I now turn to specific questions about the Navy that I hope the Minister will deal with either now or later. In the answer to the Select Committee questioning last week, the Secretary of State said that out of the task force—he declared the number of ships to be 23–16 destroyers and frigates were lost or damaged. That is two-thirds of the task force.
When I was trying to discern how many ships were in the task force, looking at reported sources, I saw the suggestion that there were about 50 ships. Is that figure correct? Which ships were involved in the task force, even if not continuously? How many were destroyed or damaged? In particular, how many of those ships are due to be scrapped or sold? The Minister has announced the reprieve of some of the ships. Some of the ships that have been reprieved were involved in the task force. It is now time that we got a clearer picture. Before the reprieve, the number that I calculated was 17 due to be sold out of 50. Others put the figure at 29 out of 50. We want to know the whole disposition of the task force. This is the time for such questions to be answered.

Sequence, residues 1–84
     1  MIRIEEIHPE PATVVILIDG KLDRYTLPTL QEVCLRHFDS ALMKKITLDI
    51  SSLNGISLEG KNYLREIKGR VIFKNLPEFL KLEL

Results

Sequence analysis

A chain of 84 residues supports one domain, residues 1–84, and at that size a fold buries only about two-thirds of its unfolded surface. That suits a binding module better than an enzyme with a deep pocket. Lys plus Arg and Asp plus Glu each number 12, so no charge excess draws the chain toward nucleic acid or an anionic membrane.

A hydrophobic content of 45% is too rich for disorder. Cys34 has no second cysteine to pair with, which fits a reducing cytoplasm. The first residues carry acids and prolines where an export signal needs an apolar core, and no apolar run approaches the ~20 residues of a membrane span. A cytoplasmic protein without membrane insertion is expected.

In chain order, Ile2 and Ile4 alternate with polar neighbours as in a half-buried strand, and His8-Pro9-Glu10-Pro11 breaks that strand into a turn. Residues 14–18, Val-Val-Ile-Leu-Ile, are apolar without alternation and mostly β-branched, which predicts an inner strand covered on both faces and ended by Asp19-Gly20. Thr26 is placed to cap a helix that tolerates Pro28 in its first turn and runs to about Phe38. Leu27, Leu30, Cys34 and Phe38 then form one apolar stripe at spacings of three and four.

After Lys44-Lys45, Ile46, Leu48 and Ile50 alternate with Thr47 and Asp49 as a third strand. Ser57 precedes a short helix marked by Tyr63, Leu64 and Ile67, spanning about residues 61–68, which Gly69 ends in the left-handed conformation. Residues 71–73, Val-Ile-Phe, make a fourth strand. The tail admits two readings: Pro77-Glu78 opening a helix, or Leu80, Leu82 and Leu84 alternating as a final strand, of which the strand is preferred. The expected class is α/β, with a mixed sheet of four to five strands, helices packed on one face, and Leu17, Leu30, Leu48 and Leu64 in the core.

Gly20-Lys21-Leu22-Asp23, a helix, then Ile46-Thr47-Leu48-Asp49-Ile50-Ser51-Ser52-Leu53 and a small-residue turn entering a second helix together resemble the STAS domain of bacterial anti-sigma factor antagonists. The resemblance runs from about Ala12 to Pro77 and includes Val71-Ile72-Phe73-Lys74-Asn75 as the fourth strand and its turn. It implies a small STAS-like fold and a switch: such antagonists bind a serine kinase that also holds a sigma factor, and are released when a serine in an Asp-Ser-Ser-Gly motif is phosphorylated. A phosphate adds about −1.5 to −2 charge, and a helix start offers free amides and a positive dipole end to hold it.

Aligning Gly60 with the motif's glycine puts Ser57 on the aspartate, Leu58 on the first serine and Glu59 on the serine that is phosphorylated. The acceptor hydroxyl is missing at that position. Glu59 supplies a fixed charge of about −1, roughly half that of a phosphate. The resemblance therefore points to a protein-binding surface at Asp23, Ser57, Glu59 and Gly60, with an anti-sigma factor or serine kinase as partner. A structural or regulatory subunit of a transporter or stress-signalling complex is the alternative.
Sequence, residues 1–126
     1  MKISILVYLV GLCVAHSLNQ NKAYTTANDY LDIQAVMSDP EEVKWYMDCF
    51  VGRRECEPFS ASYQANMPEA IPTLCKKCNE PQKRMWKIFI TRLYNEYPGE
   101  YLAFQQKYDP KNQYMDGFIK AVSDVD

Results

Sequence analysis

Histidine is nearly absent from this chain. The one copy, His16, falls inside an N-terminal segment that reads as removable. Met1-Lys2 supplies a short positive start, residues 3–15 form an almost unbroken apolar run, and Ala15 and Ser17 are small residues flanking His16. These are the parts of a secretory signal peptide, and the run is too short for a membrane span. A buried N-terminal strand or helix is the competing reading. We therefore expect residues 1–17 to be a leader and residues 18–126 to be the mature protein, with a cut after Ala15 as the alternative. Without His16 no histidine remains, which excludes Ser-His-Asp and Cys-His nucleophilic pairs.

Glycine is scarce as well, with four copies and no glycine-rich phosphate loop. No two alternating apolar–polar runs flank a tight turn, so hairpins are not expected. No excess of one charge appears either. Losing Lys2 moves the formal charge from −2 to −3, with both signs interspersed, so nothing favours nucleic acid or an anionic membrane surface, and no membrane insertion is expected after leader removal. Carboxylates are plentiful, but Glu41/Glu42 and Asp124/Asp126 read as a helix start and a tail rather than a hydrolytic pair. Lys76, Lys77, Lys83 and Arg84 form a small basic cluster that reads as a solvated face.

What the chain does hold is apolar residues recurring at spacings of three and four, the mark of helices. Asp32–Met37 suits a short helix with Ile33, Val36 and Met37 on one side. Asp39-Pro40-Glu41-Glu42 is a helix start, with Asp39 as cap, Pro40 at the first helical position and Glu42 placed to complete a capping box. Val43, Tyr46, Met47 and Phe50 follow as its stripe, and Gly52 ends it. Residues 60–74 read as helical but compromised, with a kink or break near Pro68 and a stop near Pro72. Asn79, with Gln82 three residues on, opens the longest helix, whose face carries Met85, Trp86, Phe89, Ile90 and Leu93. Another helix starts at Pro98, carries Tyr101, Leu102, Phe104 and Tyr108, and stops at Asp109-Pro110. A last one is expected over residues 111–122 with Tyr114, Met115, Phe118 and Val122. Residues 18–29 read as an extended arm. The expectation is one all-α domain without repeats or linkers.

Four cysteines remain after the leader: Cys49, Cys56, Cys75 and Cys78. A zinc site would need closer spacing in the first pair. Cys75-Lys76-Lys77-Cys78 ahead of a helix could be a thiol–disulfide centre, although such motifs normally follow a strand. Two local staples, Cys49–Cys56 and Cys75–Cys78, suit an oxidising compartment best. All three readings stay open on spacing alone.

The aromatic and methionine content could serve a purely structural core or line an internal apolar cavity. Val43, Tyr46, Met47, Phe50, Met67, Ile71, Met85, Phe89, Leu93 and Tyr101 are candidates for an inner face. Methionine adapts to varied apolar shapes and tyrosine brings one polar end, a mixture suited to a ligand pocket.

We have some information now about ships to be sold or scrapped up to 1984–85. However, we are not told what will happen to the fleet after 1986. That is a crucial area for a number of Leander ships and other classes such as the Rothesay class. We need to know what proportion will be scrapped or sold and therefore what the burden of replacement or refit will be after that stage. If one looks at the age of the ships involved one suspects that a substantial proportion will go and that the fleet might be reduced to some 32 ships by the end of the decade. That number may not be up to date, in view of what the Secretary of State said. If that is so, the number may be smaller. The costs for the next Government to bring that number up to proper strength would be great.